Many would agree that Mathematics is one of the most important subjects to master. Its applications are widespread and it is one of the fundamental subjects taught to all school children. However, Americans have been trying to keep up with other countries in this area for some time now. In fact in one study (PISA) America ranked 24 out of 29 industrialized nations. Why is this so?
One of the problems is an almost social stigma attached to proficiency in Maths. This is even worse if you profess to like Maths. Just consider the difference in your reaction between someone who tells you that they cannot read well, compared to someone who says they are not good at Maths. You will very likely look down on the former while empathizing with the latter. After all, only nerds and weirdoes excel at Maths. As a result, mathematics is already fighting an uphill battle.
This however is not the case in other countries like those in Eastern Europe. Many of these countries have a high regard for this subject and consider it similar to the need to master reading and writing. As a result they have placed Maths as a priority among subjects.
In addition, there is an underlying sexism with respect to maths. Many young girls are actually discouraged from pursuing this area with any seriousness. It is seen as a male subject. Consider that if a young lady wanted to seriously pursue a career in this field, she would have to start at an age when she would be most vulnerable to the social sanctions that can be so damning in our society.
Mathematics is also a very different subject than say law. In the latter there is a large volume of facts that must be learnt. The model of education is America is probably best suited for subjects like Law. That is to say we emphasize memorization of information and repetition of tasks. However, for mathematics, probably what is more ideal is to allow concepts to be first thoroughly understood and then applied to real life situations.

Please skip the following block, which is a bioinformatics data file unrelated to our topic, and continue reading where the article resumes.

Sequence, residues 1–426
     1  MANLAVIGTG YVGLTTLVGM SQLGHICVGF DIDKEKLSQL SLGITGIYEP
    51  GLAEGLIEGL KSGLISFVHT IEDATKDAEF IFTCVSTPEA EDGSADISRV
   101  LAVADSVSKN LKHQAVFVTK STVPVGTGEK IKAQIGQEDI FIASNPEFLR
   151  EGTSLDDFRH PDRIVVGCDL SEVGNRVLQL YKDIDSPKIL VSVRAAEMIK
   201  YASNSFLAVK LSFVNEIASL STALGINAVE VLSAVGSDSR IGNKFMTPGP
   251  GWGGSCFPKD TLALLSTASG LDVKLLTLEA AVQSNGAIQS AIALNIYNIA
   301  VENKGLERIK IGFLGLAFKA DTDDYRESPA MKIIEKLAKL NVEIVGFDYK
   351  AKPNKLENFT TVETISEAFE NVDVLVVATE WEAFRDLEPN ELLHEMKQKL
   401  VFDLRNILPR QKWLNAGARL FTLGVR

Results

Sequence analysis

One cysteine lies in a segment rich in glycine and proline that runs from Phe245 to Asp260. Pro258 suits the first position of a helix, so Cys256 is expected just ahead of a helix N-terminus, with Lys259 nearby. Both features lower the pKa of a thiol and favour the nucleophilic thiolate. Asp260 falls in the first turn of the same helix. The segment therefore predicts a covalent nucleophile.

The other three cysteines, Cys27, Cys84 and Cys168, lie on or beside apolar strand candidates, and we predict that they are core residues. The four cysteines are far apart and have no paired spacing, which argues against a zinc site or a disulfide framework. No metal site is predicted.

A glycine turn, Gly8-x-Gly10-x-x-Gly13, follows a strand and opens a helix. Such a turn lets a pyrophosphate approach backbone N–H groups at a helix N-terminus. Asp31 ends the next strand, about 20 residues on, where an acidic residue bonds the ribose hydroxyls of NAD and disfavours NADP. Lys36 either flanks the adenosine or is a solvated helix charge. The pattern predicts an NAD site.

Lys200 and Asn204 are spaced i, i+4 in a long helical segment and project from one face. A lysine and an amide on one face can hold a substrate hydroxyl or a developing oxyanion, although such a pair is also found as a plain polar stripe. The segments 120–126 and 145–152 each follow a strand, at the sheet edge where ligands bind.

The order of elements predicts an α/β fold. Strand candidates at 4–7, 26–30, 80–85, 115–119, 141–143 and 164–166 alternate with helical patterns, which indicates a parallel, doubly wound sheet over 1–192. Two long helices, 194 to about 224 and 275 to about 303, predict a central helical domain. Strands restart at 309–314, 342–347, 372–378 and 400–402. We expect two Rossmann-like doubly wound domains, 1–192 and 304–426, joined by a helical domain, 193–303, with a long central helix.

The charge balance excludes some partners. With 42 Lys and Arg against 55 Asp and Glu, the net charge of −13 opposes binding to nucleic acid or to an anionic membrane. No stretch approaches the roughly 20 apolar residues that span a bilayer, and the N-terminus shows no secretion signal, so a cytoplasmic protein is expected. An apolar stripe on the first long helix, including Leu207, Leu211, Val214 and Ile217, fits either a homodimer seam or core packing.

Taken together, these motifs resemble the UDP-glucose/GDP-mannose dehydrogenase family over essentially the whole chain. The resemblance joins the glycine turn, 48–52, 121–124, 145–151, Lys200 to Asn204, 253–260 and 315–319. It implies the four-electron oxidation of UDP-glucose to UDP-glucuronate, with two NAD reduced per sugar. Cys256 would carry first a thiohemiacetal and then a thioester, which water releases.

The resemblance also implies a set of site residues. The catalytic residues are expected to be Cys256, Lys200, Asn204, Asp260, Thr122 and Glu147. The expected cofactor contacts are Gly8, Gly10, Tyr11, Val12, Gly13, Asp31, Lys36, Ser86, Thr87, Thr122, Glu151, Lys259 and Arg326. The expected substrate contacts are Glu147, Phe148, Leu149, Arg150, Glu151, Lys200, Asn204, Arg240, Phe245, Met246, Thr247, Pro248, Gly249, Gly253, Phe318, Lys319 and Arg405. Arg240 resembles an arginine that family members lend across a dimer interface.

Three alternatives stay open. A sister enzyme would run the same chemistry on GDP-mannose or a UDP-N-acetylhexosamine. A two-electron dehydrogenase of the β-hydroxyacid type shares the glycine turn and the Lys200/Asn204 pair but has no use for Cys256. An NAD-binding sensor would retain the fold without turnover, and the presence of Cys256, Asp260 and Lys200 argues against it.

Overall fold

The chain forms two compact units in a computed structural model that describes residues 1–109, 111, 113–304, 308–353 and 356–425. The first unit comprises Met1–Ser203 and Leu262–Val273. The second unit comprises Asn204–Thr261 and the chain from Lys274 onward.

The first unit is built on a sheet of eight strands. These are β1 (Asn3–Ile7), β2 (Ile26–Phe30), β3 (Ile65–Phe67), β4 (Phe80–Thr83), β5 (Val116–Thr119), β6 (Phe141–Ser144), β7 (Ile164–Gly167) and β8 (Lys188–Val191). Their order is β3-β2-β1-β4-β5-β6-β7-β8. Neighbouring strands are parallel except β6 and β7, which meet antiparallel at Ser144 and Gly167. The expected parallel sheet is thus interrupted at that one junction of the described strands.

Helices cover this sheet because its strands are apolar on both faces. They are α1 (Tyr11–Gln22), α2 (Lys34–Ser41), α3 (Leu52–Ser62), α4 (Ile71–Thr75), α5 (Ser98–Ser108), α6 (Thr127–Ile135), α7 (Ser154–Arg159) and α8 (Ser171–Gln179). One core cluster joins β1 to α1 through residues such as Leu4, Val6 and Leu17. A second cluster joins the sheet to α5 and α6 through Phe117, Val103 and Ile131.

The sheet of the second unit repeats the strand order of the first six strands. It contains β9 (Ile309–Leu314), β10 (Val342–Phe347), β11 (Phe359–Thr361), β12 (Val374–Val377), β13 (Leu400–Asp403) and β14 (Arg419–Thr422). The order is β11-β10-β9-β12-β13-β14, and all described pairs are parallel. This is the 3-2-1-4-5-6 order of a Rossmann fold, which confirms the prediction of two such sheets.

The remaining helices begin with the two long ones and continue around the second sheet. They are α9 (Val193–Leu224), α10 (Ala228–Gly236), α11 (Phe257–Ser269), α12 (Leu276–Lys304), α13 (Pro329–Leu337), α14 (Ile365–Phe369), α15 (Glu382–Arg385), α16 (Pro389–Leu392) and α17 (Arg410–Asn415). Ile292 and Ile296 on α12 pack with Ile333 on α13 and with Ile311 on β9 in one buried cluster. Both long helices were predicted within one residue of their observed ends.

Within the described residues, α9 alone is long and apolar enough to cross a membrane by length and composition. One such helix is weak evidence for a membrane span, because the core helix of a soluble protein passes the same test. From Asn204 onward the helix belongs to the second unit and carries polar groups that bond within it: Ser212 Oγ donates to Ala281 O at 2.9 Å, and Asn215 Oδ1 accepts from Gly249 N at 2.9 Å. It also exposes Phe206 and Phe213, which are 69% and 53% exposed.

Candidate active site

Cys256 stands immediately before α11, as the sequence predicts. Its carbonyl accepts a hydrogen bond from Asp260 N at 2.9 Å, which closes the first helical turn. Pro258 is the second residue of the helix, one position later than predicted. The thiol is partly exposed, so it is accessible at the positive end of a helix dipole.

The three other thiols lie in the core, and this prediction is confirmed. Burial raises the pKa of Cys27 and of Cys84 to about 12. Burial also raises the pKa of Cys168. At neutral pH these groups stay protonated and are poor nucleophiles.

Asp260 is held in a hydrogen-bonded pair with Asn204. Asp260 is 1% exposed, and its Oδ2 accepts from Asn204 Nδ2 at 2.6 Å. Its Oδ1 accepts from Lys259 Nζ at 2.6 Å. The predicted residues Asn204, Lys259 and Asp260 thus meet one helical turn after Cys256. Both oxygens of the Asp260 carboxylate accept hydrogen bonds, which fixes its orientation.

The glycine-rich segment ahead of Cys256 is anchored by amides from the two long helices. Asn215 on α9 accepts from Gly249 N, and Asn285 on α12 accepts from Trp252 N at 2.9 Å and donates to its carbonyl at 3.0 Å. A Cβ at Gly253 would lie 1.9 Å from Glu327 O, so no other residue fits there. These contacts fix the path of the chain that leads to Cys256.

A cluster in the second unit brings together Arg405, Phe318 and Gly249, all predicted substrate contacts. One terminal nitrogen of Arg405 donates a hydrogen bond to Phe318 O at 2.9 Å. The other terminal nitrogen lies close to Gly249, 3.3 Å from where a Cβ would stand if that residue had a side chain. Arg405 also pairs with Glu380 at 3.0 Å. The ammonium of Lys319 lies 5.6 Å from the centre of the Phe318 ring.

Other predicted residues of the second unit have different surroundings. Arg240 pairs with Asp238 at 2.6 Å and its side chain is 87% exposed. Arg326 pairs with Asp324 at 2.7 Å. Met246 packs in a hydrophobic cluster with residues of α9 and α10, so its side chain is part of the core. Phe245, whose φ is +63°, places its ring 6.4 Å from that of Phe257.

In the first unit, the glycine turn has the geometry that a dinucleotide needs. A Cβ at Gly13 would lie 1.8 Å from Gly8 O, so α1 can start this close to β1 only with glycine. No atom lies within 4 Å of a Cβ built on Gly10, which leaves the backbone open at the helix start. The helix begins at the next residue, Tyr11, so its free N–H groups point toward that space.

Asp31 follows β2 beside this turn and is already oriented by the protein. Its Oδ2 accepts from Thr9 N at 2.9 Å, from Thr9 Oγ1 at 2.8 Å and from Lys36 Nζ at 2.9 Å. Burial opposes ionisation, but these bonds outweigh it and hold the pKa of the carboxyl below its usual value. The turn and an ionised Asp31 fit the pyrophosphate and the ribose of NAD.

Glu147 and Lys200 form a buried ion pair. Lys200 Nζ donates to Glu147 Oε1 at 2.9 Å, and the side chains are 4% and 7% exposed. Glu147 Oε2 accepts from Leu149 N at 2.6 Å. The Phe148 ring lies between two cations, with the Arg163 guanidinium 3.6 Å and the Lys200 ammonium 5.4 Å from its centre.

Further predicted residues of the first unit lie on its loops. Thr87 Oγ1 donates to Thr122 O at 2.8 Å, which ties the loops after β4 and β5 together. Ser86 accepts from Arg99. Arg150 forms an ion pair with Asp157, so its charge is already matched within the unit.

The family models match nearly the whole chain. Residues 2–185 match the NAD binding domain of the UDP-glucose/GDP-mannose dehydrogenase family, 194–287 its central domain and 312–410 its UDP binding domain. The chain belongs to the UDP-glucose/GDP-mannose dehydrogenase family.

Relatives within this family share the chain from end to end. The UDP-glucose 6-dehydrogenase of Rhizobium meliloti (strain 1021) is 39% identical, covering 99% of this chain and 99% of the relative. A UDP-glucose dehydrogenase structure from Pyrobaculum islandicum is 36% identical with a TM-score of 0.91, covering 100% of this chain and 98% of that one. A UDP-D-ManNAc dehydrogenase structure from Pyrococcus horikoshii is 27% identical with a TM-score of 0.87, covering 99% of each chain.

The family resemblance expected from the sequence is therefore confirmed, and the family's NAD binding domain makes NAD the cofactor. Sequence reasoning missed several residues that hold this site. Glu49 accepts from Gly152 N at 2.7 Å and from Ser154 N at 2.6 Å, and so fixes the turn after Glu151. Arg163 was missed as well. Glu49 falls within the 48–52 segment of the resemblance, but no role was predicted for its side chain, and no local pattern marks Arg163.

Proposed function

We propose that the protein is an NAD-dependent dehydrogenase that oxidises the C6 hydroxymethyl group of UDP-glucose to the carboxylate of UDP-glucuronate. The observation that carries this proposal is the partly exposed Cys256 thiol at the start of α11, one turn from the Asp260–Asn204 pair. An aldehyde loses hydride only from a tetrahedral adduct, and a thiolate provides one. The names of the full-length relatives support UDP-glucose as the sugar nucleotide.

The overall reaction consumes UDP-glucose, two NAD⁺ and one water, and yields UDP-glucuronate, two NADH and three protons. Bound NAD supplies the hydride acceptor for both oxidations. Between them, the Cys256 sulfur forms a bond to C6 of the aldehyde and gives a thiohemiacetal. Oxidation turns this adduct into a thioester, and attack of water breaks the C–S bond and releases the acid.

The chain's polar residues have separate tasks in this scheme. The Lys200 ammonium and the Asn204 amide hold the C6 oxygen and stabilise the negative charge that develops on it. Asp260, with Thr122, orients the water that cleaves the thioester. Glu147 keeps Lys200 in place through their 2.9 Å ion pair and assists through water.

This is made worse by a general lack of mathematics teachers and some would argue a lack of good maths teachers. Perhaps some of the issues are how maths is taught and the general lack of creativity involved in these classes. These will naturally turn a lot of students off the subject.
There are also several myths surrounding maths that aids in the general apprehension that many bring to its study. People assume that maths skills are some how genetic, and you either have a knack for it or not. They also assume that maths is all about calculations, which many persons are actually bad at. Maths in fact has much more to do with applying principles to a problem so as to solve it.
In conclusion, I would suggest that these are some of the deep-rooted issues that hamper our children in the area of mathematics. It is only when these are addressed, that we are likely to see significant improvements.
Yours for Science